It is a cosy club: The voluntary carbon market is a closed-door affair

Voluntary carbon market is a sophisticated ecosystem. It involves a multitude of players to ensure that a carbon offset project delivers on its claims—that it avoids or removes greenhouse gases from the atmosphere. But in this cosy carbon club, conversations take place behind closed doors and no one wants to talk about the prices. It's a world designed by developers, verifiers, validators and registries to make money
Illustrations :  Ritika Bohra and Yogendra Anand
Illustrations : Ritika Bohra and Yogendra Anand

In India (as in most other countries), no government database exists on the number of projects that have been signed by different entities for carbon credits. The information is only available with global carbon registries.

The biggest global registry, called Verified Carbon Standard Program (VCS) is run by Verra, headquartered in Washington, DC. Data with the Berkeley Carbon Trading Project of the University of California, US, shows that VCS has 64 per cent of the independent (non-governmental) credits issued globally. Gold Standard is the second biggest global registry, followed by American Carbon Registry (ACR) and Climate Action Reserve (CAR), formerly California Climate Action Registry. A relatively new player is Qatar-based Global Carbon Council (GCC) registry. It was founded in 2016 and has since approved nine projects, a number of which are related to renewable energy. GCC claims that it has big plans for the future.

The registries are organisations that make standards and guidelines for project development, verification and trading. They also provide a platform for the project developer, which can be a private or public entity, to register their project and for these to be verified. The registry then issues carbon credits for verified projects that meet the criteria and demonstrate greenhouse gas reduction or removal.

The project developer, which designs the project and is responsible for its implementation as well as monitoring, ensures that the credits meet the standards for reduction or removal of greenhouse gas emissions.

  • The price of a carbon credit is strictly decided between the buyer and seller, who trade behind closed doors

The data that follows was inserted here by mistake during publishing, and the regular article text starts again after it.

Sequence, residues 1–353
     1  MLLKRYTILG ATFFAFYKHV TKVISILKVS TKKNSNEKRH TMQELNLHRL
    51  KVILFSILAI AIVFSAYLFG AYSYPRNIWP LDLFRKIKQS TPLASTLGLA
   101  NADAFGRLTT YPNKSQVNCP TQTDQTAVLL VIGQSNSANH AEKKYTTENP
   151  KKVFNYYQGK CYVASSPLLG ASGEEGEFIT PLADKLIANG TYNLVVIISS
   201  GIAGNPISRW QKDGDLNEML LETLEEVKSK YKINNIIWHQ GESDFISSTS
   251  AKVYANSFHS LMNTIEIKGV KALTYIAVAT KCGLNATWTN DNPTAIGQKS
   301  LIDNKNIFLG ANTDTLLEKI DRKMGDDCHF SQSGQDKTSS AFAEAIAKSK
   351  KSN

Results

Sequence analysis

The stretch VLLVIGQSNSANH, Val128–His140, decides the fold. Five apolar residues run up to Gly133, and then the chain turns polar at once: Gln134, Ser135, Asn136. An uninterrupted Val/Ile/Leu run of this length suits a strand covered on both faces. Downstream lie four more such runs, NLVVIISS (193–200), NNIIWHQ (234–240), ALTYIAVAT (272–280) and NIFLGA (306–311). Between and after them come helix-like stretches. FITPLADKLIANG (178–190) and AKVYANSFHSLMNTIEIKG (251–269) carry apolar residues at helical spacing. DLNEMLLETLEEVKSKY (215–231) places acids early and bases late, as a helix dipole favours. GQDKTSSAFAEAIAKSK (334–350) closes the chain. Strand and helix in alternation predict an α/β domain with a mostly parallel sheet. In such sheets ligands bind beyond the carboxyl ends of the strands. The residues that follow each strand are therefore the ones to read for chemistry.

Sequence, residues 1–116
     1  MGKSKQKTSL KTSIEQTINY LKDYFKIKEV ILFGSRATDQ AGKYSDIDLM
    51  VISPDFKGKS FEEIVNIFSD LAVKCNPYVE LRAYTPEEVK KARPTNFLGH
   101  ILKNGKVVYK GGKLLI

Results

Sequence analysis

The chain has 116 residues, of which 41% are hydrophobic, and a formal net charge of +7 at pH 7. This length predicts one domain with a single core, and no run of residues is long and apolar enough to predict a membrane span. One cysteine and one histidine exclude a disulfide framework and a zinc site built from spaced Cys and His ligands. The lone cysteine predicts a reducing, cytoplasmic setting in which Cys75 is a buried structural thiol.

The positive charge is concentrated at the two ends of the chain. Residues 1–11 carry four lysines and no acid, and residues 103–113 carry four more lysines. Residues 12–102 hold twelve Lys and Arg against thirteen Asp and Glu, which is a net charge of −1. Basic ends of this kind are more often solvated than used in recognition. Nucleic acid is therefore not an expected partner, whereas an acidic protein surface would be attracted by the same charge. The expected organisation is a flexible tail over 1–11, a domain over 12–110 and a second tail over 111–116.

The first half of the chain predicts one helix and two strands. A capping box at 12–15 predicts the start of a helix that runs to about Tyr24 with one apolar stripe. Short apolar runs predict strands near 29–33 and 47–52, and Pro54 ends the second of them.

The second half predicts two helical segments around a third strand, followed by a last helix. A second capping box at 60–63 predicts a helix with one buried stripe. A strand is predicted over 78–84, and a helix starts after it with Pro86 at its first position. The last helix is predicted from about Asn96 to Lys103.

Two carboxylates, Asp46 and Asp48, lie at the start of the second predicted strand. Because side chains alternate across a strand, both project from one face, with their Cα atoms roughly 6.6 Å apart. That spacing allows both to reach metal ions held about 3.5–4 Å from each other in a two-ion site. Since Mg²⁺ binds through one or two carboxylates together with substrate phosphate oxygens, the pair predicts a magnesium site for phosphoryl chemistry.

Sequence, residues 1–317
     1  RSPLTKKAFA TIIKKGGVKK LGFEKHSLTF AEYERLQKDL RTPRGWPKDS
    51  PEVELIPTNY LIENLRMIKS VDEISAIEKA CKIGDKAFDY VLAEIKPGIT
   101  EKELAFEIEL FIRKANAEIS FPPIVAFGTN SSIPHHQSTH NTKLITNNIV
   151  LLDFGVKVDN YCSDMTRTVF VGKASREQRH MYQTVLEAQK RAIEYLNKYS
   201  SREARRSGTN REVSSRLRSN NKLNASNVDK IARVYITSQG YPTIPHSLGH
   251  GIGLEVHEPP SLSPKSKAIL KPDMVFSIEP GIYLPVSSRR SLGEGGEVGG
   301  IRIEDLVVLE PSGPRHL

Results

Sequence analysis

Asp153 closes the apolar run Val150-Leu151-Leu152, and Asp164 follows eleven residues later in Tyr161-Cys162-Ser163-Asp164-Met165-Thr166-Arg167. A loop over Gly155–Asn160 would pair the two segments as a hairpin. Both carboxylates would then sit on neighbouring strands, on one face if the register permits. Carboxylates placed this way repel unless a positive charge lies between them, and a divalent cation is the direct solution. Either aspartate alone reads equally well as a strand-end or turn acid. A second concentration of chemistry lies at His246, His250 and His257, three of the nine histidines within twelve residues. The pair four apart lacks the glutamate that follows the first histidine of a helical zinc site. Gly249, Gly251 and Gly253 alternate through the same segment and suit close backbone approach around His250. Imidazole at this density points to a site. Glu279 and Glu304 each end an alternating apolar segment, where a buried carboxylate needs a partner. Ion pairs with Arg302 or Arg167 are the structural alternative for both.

• Globally,2 registries with 6,481 projects have issued carbon credits for avoiding/slashing 1.4 billion tonnes of emissions. Annual transaction of the market was $2 billion in 2021

  • The price of carbon credits is dictated by market factors that do not necessarily serve the purpose of decarbonisation

The carbon credits that they earn from these registered projects can then be traded and used by companies to offset their emissions and meet climate goals. According to the “State of the Carbon Developer Ecosystem” report by UK-based market research organisation Abatable, 15 top project developers had in their kitty 35 per cent of the carbon credits issued globally in 2022. Three Indian companies made it to the top 15 project developers list—EnKing International (now EKI), Jaiprakash Power Ventures and Himachal Baspa Power Company. Of them, EKI has seen a phenomenal growth of 40 per cent year on year, with 34.2 million tonnes of carbon credits issued in 198 projects (see ‘Global stocktake’,).

In this market ecosystem there are other players as well. Project developers need to get their projects and claims about carbon offsets “independently” verified before these can be listed in the registries. They hire validation and verification bodies, who use different methodologies for different types of avoided or removal projects. It is only after these auditors give their reports that the project can be registered and credits can be issued. In India, two such validation and verification companies are Bengaluru-based EPIC Sustainability Services and Delhi-based Carbon Check (India) Pvt Ltd. The project developer also pays for the verification of the project.

 This article was originally published as part of Down To Earth’s special issue dated 1-15 October, 2023.